After only one month, I showed a strong interest in studying at the University of Hamburg. First, I joined a several-month language course, then I received a scholarship based on the recognition of my previous university studies from Czechoslovakia. So, from September 1969 to 1976, I studied chemistry, followed by two more years of doctoral studies. During that period, I worked as a researcher and collaborator of the then highly respected Professor Paulsen on the topic “Chemical Structure of Blood Groups”, until I found my first job. I didn’t forget about my language education either, as I took several English language courses in England. In March 1979, I joined the research department at Behring Werke in Marburg, where I began a very successful fourteen-year research period that resulted in many patents and publications related to serology and oncology from the point of view of chemistry. At that time, I also participated in many congresses and conferences in the field of carbohydrate chemistry.
After the fall of the Communist regime in Czechoslovakia in 1989, my sentence for leaving the republic without authorization was canceled, and I was able to return to my home country again after so many years. After the reorganization at Behring Werke, I could no longer work in research, which was very fulfilling to me at the time. That was the moment when I decided to leave the job and found my own company Glycon, in which I wanted to use the know-how gained from the previous research. Thanks to a chance meeting with the director of the newly built Biopark in Luckenwalde at the University of Potsdam, I was offered premises for the location of my company. At that time, the premises of the Biopark were newly reconstructed after the departure of the Soviet soldiers who had been staying there for a long time. I accepted this offer, moved to the vicinity of Luckenwalde and gradually began to furnish the company’s four laboratories, office and storage areas. I got some of the apparatus and other laboratory equipment from a defunct company in which my former student colleague worked. I paid about a third of the costs for the equipment of the laboratories from my own savings, for the other third I took a loan, the rest was covered thanks to the financial support of the federal state of Brandeburg. At first, the company practically did not make any money, I had temporary housing in a nearby village, but my financial insecurity lasted for about four years. I was engaged in the production of carbohydrates and their derivatives. Compared to other manufacturers of these chemicals, mine had a much higher purity, which was appreciated even by the recognized experts in the field. In 1998, a turning point occurred, and the company finally began to prosper. I hired more employees, I could afford the gradual modernization of laboratory equipment, the expansion of the range of products sold, and thus the increase of their overall production. My customers from practically all over the world included and still include, in particular, universities that use our products as part of research, especially in the field of protein biochemistry.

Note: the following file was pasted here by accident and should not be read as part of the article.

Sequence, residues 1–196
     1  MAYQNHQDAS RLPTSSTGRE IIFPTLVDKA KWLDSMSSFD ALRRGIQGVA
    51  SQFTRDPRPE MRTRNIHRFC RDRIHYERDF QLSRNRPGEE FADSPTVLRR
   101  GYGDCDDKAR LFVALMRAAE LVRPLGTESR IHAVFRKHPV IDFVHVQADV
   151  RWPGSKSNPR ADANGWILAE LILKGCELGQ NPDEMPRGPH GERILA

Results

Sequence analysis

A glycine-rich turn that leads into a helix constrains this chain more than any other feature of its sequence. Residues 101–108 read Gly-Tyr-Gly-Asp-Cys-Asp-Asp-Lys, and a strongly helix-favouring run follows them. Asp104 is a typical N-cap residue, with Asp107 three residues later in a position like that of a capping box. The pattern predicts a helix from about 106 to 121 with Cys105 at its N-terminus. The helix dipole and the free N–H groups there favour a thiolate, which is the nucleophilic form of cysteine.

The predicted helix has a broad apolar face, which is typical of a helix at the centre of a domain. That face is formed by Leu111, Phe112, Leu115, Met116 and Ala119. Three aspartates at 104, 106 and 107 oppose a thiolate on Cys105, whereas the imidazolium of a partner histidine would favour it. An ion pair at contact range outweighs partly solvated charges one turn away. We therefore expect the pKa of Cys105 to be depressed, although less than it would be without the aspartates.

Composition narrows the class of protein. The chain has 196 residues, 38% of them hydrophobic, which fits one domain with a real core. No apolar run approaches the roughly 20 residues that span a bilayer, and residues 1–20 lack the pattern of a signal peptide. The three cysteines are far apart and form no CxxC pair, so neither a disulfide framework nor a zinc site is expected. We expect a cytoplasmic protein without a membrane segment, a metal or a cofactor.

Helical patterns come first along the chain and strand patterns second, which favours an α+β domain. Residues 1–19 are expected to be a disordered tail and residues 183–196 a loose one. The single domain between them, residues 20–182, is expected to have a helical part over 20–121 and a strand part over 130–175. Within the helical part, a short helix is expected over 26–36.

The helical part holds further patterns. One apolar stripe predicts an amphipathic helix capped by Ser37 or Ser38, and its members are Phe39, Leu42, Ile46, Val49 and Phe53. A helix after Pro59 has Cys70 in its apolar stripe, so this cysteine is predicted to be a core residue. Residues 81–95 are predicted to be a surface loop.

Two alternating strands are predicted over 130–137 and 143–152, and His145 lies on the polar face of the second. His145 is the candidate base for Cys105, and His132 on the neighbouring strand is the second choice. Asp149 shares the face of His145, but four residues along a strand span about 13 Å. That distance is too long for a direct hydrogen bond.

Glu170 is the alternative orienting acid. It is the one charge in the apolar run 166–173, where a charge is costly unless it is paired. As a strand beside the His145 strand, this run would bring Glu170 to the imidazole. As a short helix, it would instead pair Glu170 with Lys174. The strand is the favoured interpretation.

I am a proud citizen of Hradec Králové
In 2021, I started a successful collaboration that continues to this day with Professor Keller from the University of Kaiserslautern, later from the University of Graz, who uses my products, among other things, for research into cancer treatment. The company Glycon provides internships to students and graduates of universities in the field of chemistry from various EU countries. Work is always very fulfilling and fun for me, I don´t think I´m going to retire any time soon.
So that’s the story of a boy from Haná who achieved success in a foreign country, traveled practically the whole world, but never forgot his roots. I have German and Czech citizenship and I am a proud citizen of Hradec Králové, where I stay whenever my duties allow.